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In their early attempts at flight humankind soon learned that the human body was totally inadequate as a propulsion device. They also learned that heavier-thanair aircraft would need power to attain and sustain flight. Early efforts to develop a satisfactory engine included rocket, steam, jet, and reciprocating engines, but it was the reciprocating engine that first pushed the Wright brothers aloft. Today’s Army aircraft are propelled by gas turbine and reciprocating engines. While the technology which led to these engines is relatively new, the idea is not. EARLY DEVELOPMENT The Aeolipile Hero, an Egyptian scientist from Alexandria, developed the first "jet engine" about the year 100 BC. Known as the "aeolipile" (Figure 2-1), it consisted of a boiler, two hollow bent tubes mounted to a sphere, and the sphere. Steam coming from the boiler entered through the two hollow tubes supporting the sphere. The steam then exited through the bent tubes on the sphere, causing it to spin. Hero is said to have used this invention to pull-open temple doors.

The Chimney Jack Leonardo Da Vinci designed a device called the "chimney jack" around the year 1500 AD. The chimney jack was used to turn a roasting skewer. This reactiontype turbine worked on the principle of heat raising gases from the roasting tire. As the hot air rose, it passed through fanlike blades that turned the roast through a series of gears. Rockets With the discovery of gunpowder around 1000 AD the Chinese, probably accidentally through a defective firecracker developed the rocket. Rockets were used as early as 1232 by the Mongols to create fear among enemy troops. A Chinese scholar, Wan Hu attempted to propel his sled with rockets. He became the first martyr in humankind’s attempts to fly. Rockets were used in the Napoleonic Wars and the War of 1812. The Germans used V-2 rockets in World War II The most noted use of rockets is to launch space vehicles. Branca’s Stamping Mill In 1629 an Italian engineer, Giovanni Branca, was probably the first to invent an actual impulse turbine. This device, a stamping mill (Figure 2-2), was generated by a steam-powered turbine. A jet nozzle directed steam onto a horizontality mounted turbine wheel, which then turned an arrangement of gears that operated his mill.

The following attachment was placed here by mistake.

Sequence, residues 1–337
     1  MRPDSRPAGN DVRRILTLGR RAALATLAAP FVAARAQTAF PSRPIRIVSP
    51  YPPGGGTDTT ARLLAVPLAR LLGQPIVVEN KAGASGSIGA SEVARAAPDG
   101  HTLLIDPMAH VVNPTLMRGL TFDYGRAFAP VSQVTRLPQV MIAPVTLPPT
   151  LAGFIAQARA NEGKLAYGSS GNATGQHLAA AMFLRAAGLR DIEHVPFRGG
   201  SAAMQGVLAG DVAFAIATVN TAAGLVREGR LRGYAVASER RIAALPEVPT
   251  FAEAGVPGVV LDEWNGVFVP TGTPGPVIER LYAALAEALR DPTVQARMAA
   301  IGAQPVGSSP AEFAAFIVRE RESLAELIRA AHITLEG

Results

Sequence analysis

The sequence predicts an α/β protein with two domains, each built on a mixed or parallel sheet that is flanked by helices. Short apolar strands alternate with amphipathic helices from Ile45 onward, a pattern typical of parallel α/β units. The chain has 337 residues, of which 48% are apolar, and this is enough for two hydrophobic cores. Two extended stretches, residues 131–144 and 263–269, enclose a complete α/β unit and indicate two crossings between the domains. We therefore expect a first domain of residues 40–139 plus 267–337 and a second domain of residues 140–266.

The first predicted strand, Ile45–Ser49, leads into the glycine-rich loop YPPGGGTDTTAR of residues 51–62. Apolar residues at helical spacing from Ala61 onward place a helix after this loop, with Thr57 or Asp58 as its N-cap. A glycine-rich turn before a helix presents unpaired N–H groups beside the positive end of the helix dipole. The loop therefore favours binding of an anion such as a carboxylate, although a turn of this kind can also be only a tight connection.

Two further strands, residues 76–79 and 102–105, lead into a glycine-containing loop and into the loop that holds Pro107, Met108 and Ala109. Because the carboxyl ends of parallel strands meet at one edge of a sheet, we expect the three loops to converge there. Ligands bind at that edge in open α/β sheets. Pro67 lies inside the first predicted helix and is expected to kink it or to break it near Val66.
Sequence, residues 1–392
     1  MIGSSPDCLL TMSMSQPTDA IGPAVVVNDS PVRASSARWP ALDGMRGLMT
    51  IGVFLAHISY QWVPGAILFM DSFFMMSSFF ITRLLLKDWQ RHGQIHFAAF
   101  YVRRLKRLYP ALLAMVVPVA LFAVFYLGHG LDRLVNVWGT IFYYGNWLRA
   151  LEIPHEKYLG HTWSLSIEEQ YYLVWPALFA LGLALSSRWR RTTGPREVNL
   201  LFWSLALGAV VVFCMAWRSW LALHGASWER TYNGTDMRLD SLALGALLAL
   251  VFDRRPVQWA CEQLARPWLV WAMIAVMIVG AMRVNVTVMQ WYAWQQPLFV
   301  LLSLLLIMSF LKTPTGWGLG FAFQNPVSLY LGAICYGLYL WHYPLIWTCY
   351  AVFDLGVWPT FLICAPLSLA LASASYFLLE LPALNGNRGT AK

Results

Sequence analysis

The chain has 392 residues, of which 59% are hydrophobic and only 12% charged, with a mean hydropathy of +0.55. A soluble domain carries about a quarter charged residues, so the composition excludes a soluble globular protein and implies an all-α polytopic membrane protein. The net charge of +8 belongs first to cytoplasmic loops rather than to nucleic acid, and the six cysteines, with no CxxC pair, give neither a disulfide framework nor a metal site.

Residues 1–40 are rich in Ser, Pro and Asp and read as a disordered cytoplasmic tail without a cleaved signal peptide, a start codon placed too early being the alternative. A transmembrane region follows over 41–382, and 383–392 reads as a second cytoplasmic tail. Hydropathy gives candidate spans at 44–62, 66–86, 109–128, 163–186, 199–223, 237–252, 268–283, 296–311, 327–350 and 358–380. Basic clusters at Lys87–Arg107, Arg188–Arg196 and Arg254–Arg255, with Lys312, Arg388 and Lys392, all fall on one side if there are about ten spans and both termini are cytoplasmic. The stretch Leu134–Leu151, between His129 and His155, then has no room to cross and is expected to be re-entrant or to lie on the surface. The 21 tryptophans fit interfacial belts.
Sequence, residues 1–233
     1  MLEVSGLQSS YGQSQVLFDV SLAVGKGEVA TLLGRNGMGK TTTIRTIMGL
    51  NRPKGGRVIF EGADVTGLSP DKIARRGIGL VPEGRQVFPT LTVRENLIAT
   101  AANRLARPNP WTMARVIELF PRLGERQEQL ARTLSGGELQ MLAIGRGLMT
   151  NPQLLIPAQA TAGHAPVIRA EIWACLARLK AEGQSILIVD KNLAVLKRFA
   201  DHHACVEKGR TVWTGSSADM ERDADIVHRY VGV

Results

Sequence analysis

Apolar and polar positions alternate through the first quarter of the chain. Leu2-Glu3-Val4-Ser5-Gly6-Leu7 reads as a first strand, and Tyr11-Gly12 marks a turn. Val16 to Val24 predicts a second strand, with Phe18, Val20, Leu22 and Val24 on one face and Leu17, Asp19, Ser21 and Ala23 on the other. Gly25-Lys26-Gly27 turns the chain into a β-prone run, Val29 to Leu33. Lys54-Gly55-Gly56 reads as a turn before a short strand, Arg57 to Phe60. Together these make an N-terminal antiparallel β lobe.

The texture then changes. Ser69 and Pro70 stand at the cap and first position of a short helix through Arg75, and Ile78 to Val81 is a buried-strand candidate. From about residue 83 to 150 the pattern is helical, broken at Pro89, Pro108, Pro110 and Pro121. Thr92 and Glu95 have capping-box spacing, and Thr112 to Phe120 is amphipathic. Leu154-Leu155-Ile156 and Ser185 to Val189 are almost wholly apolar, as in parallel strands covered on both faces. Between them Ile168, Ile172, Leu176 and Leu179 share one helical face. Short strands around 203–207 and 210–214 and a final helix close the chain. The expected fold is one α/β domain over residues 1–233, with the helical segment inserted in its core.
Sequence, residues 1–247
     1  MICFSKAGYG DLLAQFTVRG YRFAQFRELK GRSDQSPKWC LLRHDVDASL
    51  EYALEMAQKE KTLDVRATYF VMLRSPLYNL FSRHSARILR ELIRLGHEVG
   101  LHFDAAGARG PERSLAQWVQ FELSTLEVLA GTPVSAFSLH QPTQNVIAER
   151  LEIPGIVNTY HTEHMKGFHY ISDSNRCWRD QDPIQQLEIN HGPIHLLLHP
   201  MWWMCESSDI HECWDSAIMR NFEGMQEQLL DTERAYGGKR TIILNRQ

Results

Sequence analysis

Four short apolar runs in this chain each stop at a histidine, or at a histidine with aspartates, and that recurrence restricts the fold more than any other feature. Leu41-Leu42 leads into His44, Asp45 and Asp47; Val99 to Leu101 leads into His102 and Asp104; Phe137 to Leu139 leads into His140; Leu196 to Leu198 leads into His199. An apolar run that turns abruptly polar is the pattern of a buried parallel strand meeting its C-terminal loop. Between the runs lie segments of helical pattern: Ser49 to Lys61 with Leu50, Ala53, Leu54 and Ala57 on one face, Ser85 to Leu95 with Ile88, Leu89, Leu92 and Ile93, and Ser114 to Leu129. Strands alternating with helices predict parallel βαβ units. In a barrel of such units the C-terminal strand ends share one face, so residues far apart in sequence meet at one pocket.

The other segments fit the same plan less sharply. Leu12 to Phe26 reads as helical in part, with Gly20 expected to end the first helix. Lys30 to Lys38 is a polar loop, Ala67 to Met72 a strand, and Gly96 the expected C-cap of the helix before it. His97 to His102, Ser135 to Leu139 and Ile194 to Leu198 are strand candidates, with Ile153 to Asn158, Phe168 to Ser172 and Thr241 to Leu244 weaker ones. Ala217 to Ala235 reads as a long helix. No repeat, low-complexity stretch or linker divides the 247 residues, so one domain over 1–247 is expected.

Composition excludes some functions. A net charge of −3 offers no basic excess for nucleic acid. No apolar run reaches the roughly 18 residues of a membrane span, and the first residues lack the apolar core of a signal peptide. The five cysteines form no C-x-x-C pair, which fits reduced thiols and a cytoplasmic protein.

The Steam Wagon In 1687 Isaac Newton attempted to put his newly formulated laws of motion to the test with his “steam


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wagon" (Figure 2-3). He tried to propel the wagon by directing steam through a nozzle pointed rearward Steam was produced by a boiler mounted on the wagon. Due to lack of power from the steam, this vehicle didn’t operate.

MODERN AVIATION English In January 1930 an Englishman, Frank Whittle, submitted a patent application for a gas turbine for jet propulsion. It wasn’t until the summer of 1939 that the Air Ministry awarded Power Jets Ltd a contract to design a flight engine. In May 1941 the Whittle W1 engine (Figure 2-5) made its first flight mounted in the Gloster Model E28/39 aircraft. This airplane would later achieve a speed of 370 MPH in level flight with 1000 pounds of thrust.

The First Gas Turbine In 1791 John Barber, an Englishman. was the first to patent a design that used the thermodynamic cycle of the modem gas turbine. His design (Figure 2-4) contained the basics of the modem gas turbine it had a compressor, a combustion chamber, and a turbine. The main difference in his design was that the turbine was equipped With a chain-driven reciprocating type of compressor. He intended its use for jet propulsion.

German The Germans, Hans von Ohain and Max Hahn, students at Gottingen, seemingly unaware of Whittle’s work patented a jet propulsion engine in 1936. Ernst Heinkel Aircraft Company adapted their ideas and flew the second aircraft engine of this development in an HE-178 aircraft (Figure 2-6) on August 27, 1939. This was the first true jet-propelled aircraft. The engine, known as the Heinkel HES-36, developed 1100 pounds of thrust and hurled the HE-178 to speeds of over 400 MPH. This engine used a centrifugal flow compressor. Later development produced a more advanced turbine engine that used an axial flow compressor. This turbine was used to power the ME262 jet fighter to 500 MPH. These planes were introduced in the closing stages of


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World War II. The more modern engine features of blade cooling, ice prevention, and the variable-area exhaust nozzle were incorporated into the ME262 aircraft engine. 0n September 30, 1929, using a modified glider and Opel rockets, the Germans were the first to achieve flight using a reaction engine.